ASPEN — Fifteen years ago when Amanda Boxtel crossed her ski tips at Snowmass Ski Area, she somersaulted and landed hard, severely injuring four Vertebrae. She knew instantly she was paralyzed from the waist down, and doctors said she would never walk again.
But as they say, never say never.
Boxtel is heading to Delhi, India, where she planned to begin two months of groundbreaking embryonic stem cell treatments from a doctor whose other patients with spinal chord injuries have experienced everything from increased sensation to walking with the help of leg braces. The chance of seeing even the most minute of changes in her body is an opportunity Boxtel just couldn’t pass up.
“If I have one percent difference in my Disability, that’s 100 times better than where I am right now,” she said before her trip. “I did ask my mom if she’d feel OK if I saw zero changes — she said she would be. We’re going with hope and an optimistic mindset, but we don’t want to set ourselves up for disappointment.”4
A controversial doctor
Dr. Geeta Shroff is the woman who has been making headlines worldwide for her use of embryonic stem cells — a practice that is not legal in the United States. Shroff was a fertility doctor in India when she used a sperm and an egg in her clinic to create her own source of embryonic stem cells. Five days after the sperm fertilized the egg, an embryo reached the “blastocyst” stage, when stem cells begin to multiply rapidly. All of the stem cell lines Dr. Shroff has used in her treatments have come from that initial fertilized egg.
Dr. Shroff’s practice is controversial for a number of reasons. Because of where future embryonic stem cells would come from — whether it would mean destroying human embryos — use of the stem cells is not legal in many countries and little research has been done regarding their use. The stem cells, however, are known for being able to regenerate and replace tissue in the body. In India, it is legal to practice experimental treatments on patients whose injuries or diseases are permanent or incurable. But Dr. Shroff has refused to share the results of her experiments with the rest of the medical community because, as a medical entrepreneur, she would first like to obtain a patent for her methods.
But Dr. Shroff’s treatment has experienced a large measure of success (and no negative effects have been reported yet by any of her patients), so she has gotten some exposure from the media. Australian Sonya Smith, 45, received treatment from Dr. Shroff 18 months after experiencing a spinal cord injury that left her paralyzed from the waist down. Today, she is walking with the help of leg braces that rise from her feet to her knees.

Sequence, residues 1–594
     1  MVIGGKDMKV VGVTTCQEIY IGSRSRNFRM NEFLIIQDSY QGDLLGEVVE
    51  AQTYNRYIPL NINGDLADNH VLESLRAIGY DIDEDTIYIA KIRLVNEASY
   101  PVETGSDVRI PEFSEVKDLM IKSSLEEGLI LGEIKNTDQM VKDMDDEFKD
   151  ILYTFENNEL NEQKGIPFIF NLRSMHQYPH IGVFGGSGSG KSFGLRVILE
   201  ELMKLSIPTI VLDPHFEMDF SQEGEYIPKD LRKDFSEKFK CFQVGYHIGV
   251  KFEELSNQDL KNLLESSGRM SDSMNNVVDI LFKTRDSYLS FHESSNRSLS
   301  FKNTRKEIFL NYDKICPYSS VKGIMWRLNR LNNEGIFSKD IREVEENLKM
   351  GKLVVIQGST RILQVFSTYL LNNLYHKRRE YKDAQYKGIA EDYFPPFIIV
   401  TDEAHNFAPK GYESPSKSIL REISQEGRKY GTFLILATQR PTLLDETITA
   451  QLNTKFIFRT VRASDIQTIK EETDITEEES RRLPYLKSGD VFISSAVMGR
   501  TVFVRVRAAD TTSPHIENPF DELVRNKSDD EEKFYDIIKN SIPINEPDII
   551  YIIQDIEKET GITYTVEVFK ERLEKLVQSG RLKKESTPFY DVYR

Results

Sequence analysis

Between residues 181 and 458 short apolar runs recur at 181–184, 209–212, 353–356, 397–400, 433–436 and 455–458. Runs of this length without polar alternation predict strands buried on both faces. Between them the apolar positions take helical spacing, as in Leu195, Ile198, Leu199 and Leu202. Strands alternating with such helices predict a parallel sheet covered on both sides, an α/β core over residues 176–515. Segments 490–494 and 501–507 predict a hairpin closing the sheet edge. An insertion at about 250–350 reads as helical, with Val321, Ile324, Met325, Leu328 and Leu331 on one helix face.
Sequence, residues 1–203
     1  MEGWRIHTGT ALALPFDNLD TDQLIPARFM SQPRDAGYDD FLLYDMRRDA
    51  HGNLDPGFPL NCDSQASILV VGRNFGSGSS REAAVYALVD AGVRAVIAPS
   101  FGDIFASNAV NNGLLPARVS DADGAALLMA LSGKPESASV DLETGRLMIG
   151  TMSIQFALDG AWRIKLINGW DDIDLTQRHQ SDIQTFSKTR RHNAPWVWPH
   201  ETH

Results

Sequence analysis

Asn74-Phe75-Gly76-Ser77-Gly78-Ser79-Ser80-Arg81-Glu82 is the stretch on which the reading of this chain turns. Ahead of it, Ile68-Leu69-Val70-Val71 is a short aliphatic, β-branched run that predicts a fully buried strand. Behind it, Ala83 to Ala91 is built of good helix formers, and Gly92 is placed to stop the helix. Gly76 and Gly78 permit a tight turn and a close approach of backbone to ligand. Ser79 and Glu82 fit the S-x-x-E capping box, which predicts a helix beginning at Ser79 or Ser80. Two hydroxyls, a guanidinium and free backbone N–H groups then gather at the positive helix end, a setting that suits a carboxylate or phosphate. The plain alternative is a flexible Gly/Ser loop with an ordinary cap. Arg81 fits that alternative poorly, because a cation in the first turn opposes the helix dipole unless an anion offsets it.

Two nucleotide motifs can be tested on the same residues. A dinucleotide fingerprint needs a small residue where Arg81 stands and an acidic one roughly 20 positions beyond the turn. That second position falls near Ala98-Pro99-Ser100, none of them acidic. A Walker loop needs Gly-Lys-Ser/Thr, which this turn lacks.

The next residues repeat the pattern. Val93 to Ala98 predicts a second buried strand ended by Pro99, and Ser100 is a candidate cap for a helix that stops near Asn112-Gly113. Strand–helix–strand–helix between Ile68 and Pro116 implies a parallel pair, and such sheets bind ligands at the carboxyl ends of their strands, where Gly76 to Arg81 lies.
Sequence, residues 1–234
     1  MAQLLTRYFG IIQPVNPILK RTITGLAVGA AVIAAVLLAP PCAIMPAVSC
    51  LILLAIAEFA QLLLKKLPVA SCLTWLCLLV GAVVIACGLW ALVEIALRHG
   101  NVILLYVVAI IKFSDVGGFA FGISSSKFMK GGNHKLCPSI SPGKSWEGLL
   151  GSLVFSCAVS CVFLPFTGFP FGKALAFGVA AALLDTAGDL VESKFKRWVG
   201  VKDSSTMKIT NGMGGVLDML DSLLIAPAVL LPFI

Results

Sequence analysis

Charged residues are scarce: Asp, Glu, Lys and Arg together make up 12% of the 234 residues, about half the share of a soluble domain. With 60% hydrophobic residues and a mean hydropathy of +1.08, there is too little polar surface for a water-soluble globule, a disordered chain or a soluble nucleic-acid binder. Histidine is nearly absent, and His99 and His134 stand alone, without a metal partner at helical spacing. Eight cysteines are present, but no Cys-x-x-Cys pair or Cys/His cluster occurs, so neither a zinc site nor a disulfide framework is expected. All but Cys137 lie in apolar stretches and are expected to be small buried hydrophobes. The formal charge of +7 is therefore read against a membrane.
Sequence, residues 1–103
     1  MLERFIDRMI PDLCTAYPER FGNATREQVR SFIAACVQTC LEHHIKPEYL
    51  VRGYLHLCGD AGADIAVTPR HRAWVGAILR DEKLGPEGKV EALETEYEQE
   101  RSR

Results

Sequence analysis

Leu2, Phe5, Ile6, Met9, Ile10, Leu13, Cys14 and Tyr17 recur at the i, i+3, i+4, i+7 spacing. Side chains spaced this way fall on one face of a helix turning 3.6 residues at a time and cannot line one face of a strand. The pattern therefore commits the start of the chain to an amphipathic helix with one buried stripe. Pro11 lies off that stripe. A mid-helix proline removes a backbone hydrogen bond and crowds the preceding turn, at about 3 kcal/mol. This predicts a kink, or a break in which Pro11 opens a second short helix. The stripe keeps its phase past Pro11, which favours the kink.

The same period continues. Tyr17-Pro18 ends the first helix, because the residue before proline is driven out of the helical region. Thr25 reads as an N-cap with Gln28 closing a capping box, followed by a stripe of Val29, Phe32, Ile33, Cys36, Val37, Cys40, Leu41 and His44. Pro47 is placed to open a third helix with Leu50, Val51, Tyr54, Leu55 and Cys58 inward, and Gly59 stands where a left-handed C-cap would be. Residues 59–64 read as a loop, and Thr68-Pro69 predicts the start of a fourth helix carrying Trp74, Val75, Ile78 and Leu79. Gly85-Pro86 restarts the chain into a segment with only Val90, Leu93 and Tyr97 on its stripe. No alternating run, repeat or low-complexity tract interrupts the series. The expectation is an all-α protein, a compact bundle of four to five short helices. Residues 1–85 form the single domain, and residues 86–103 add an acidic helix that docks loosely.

Amanda Boxtel’s mother, Jill, saw Sonya Smith’s story featured on Australian television in August, and immediately contacted her daughter.
“I had taken ‘hope’ out of my vocabulary,” Boxtel said. “Five years after my accident, I had to arrive at a place of acceptance with my paralysis, so I could live my life. I didn’t want to stay attached to false hope. But my heart tells me I have to give this my best shot.”
People who know Boxtel from her life in the Roaring Fork Valley know that when she says acceptance brought her freedom, she’s telling the truth. Thirteen years ago, she and friend Houston Cowan started Challenge Aspen, a now-thriving nonprofit that teaches disabled young people and adults how to ski in the winter, and helps them do everything else — climb, raft, horseback ride — in the summer. Boxtel left Challenge Aspen about two years ago to work on her own memoir and be a motivational speaker. Along with her wheelchair with rims that gleam a sparkly gold, Boxtel seems like a symbol of optimism and self-reliance wherever she goes.
Even so, Boxtel lives with 24-hour burning nerve pain — something she doesn’t often speak to people about because “it doesn’t serve me to talk about it with others,” she said. “I’ve got to focus on positive ways to deal with my pain.” In 2000, Boxtel underwent successful surgery to get a vocare bladder implant, which put an end to the Incontinence she had been experiencing since the accident in 1992. Even so, she must use an external controller with the implant to use the bathroom. No matter how much she accepts life in her current state, small improvements would be like miracles to Boxtel.
Through e-mail and phone conversations, Boxtel spoke with Dr. Shroff about the experimental treatment. Each treatment involves two full months in Delhi, at a cost of $30,000. That was when Boxtel turned to the Roaring Fork Valley.
In an e-mail to friends, Boxtel explained her desire to visit Dr. Shroff, and explained the steep cost of each treatment. And as often happens in this tight-knit valley, that e-mail was forwarded along until most people who know Boxtel had read her request.
“That e-mail took on a life of its own,” she said. An acquaintance parked his car when he saw Boxtel on the street, ran over and handed her $400 in cash. Boxtel was overwhelmed with the support, from those who gave her $10, to the person who wants to pay for the entire $30,000 treatment.
But this isn’t a one-treatment procedure. Boxtel’s spinal cord injury, 15 years ago, is the oldest Dr. Shroff ever will have treated. One of her patients who was injured about 10 years ago is now walking after a total of 12 treatments in Delhi. Boxtel knows that she might have a long way to go in seeing any improvements at all.